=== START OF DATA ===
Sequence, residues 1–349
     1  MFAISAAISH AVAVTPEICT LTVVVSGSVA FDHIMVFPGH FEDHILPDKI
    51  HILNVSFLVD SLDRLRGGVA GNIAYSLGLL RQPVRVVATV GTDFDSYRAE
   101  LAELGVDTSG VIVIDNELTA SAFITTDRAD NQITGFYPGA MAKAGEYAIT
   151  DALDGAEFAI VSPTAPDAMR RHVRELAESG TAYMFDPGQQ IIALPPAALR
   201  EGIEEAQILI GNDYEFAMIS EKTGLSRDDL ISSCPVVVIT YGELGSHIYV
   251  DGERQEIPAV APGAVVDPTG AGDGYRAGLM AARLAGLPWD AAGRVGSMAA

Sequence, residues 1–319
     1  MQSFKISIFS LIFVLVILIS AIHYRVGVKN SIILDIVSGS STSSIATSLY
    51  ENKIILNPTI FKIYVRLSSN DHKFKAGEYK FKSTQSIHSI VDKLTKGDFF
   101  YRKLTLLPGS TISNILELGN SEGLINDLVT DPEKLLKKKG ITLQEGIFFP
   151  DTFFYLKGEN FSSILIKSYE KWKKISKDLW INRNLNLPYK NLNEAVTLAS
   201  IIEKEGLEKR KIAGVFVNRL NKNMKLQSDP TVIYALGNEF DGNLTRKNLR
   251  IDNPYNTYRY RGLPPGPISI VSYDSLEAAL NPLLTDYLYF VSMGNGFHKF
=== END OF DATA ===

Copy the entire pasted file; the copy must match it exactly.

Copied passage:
Sequence, residues 1–349
     1  MFAISAAISH AVAVTPEICT LTVVVSGSVA FDHIMVFPGH FEDHILPDKI
    51  HILNVSFLVD SLDRLRGGVA GNIAYSLGLL RQPVRVVATV GTDFDSYRAE
   101  LAELGVDTSG VIVIDNELTA SAFITTDRAD NQITGFYPGA MAKAGEYAIT
   151  DALDGAEFAI VSPTAPDAMR RHVRELAESG TAYMFDPGQQ IIALPPAALR
   201  EGIEEAQILI GNDYEFAMIS EKTGLSRDDL ISSCPVVVIT YGELGSHIYV
   251  DGERQEIPAV APGAVVDPTG AGDGYRAGLM AARLAGLPWD AAGRVGSMAA

Sequence, residues 1–319
     1  MQSFKISIFS LIFVLVILIS AIHYRVGVKN SIILDIVSGS STSSIATSLY
    51  ENKIILNPTI FKIYVRLSSN DHKFKAGEYK FKSTQSIHSI VDKLTKGDFF
   101  YRKLTLLPGS TISNILELGN SEGLINDLVT DPEKLLKKKG ITLQEGIFFP
   151  DTFFYLKGEN FSSILIKSYE KWKKISKDLW INRNLNLPYK NLNEAVTLAS
   201  IIEKEGLEKR KIAGVFVNRL NKNMKLQSDP TVIYALGNEF DGNLTRKNLR
   251  IDNPYNTYRY RGLPPGPISI VSYDSLEAAL NPLLTDYLYF VSMGNGFHKF